Baudot, Jean Maurice Émile

Baudot, Jean Maurice Émile

 

Born Sept. 11, 1845, in Magneux, France; died Mar. 23, 1903, near Paris. French inventor in the field of telegraphy.

In 1871, Baudot was a telegraph employee in Bordeaux, and from 1872 he worked at the telegraph center in Paris. He was the first to find a practical solution for multiplex telegraphy by the sequential transmission of equal-length code groups (he patented a double sequential telegraph apparatus in 1874 and a quintuple apparatus in 1876). The first of Baudot’s apparatuses were placed in service on the Paris-Bordeaux line during 1877. In 1927, Baudot’s name was given to the unit for the speed of telegraphic signaling, the baud.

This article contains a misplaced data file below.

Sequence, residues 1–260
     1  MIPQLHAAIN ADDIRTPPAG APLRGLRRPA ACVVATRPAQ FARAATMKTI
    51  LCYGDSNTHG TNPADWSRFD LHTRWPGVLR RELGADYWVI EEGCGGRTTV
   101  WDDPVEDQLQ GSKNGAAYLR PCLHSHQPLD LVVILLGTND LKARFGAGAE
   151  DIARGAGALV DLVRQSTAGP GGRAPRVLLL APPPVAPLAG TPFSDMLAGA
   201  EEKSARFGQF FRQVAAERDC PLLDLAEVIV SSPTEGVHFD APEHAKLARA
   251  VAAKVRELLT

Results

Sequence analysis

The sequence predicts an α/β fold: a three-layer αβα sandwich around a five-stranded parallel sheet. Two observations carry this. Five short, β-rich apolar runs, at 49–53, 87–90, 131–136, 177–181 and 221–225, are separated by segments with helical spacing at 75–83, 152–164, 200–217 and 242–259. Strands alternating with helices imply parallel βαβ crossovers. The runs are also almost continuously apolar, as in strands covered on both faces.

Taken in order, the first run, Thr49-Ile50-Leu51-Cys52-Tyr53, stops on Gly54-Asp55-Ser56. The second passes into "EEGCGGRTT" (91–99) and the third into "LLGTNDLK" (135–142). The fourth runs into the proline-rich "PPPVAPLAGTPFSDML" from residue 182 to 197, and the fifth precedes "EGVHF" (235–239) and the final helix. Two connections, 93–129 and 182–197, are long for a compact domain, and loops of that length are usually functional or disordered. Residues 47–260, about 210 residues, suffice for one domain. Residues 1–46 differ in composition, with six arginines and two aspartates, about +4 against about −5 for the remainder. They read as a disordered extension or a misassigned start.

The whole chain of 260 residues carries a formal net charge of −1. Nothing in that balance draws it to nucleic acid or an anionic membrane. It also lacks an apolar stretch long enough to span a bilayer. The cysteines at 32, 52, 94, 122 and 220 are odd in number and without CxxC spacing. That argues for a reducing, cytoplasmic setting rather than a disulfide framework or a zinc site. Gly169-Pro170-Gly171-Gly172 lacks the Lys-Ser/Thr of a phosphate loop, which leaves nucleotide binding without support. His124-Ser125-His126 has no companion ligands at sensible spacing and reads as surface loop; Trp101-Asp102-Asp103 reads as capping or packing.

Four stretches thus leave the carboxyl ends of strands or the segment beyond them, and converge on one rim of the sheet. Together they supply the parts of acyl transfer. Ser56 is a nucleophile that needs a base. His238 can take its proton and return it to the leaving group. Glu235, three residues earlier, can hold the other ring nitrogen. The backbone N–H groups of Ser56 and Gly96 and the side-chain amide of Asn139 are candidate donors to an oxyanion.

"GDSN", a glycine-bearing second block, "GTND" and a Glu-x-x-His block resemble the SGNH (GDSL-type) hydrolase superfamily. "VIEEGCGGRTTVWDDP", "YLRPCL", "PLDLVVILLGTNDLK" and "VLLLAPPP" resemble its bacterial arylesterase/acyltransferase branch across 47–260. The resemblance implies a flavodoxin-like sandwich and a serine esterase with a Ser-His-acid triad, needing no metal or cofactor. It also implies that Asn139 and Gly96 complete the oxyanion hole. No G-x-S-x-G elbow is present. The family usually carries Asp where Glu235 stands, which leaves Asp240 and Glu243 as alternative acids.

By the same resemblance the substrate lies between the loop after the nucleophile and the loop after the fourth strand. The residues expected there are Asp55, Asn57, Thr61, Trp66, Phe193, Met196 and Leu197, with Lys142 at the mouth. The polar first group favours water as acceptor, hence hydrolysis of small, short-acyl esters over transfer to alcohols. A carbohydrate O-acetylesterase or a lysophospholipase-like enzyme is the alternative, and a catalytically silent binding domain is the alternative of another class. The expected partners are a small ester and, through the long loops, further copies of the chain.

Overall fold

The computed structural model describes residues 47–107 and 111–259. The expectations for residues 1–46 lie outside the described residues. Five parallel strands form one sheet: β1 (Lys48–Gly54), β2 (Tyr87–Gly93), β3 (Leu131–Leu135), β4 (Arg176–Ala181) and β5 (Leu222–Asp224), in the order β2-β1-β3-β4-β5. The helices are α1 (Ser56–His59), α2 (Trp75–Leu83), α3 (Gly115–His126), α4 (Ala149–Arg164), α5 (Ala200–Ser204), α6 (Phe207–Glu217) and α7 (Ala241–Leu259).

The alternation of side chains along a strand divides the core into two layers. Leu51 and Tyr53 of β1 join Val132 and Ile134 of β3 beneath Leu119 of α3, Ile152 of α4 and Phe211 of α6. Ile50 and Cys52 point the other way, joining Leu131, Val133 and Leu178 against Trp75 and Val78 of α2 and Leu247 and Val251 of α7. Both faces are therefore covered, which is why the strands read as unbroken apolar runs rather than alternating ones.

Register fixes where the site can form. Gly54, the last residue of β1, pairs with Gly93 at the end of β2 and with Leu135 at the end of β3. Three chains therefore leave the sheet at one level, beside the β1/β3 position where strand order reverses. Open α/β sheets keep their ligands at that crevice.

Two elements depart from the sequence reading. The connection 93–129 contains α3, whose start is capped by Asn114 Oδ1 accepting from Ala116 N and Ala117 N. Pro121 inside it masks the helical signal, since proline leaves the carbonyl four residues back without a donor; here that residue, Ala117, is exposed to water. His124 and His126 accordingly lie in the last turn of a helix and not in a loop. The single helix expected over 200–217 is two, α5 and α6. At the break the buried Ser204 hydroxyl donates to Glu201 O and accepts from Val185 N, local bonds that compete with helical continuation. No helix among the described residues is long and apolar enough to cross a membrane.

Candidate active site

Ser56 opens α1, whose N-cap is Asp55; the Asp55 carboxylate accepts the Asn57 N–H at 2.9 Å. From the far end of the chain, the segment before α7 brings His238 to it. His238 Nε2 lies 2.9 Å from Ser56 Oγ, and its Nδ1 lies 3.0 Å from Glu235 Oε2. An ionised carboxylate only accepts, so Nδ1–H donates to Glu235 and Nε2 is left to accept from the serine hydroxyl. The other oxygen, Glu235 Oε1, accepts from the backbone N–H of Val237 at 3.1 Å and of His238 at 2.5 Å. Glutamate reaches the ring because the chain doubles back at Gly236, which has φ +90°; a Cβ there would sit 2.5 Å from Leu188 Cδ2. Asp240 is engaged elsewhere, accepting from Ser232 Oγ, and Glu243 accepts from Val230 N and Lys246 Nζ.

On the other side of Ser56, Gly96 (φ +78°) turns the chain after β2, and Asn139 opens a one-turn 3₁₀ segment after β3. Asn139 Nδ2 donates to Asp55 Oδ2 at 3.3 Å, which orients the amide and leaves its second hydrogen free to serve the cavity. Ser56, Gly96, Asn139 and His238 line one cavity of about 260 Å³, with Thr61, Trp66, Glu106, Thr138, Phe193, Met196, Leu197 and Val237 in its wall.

References in classic literature ?
Having forgotten this gentleman's name, I must beg leave to distinguish him by means of a letter of the alphabet.
Having answered your question, miss," says the Sergeant, "I beg leave to make an inquiry in my turn.
But if you talk o' my being provided for beyond what I could expect, I beg leave to tell you as I'd a right to expect a many things as I don't find.
Sir, I beg leave to point out that I have set on foot an implacable odour.
Before you say any more about Lady Lydiard, I really must beg leave to observe--"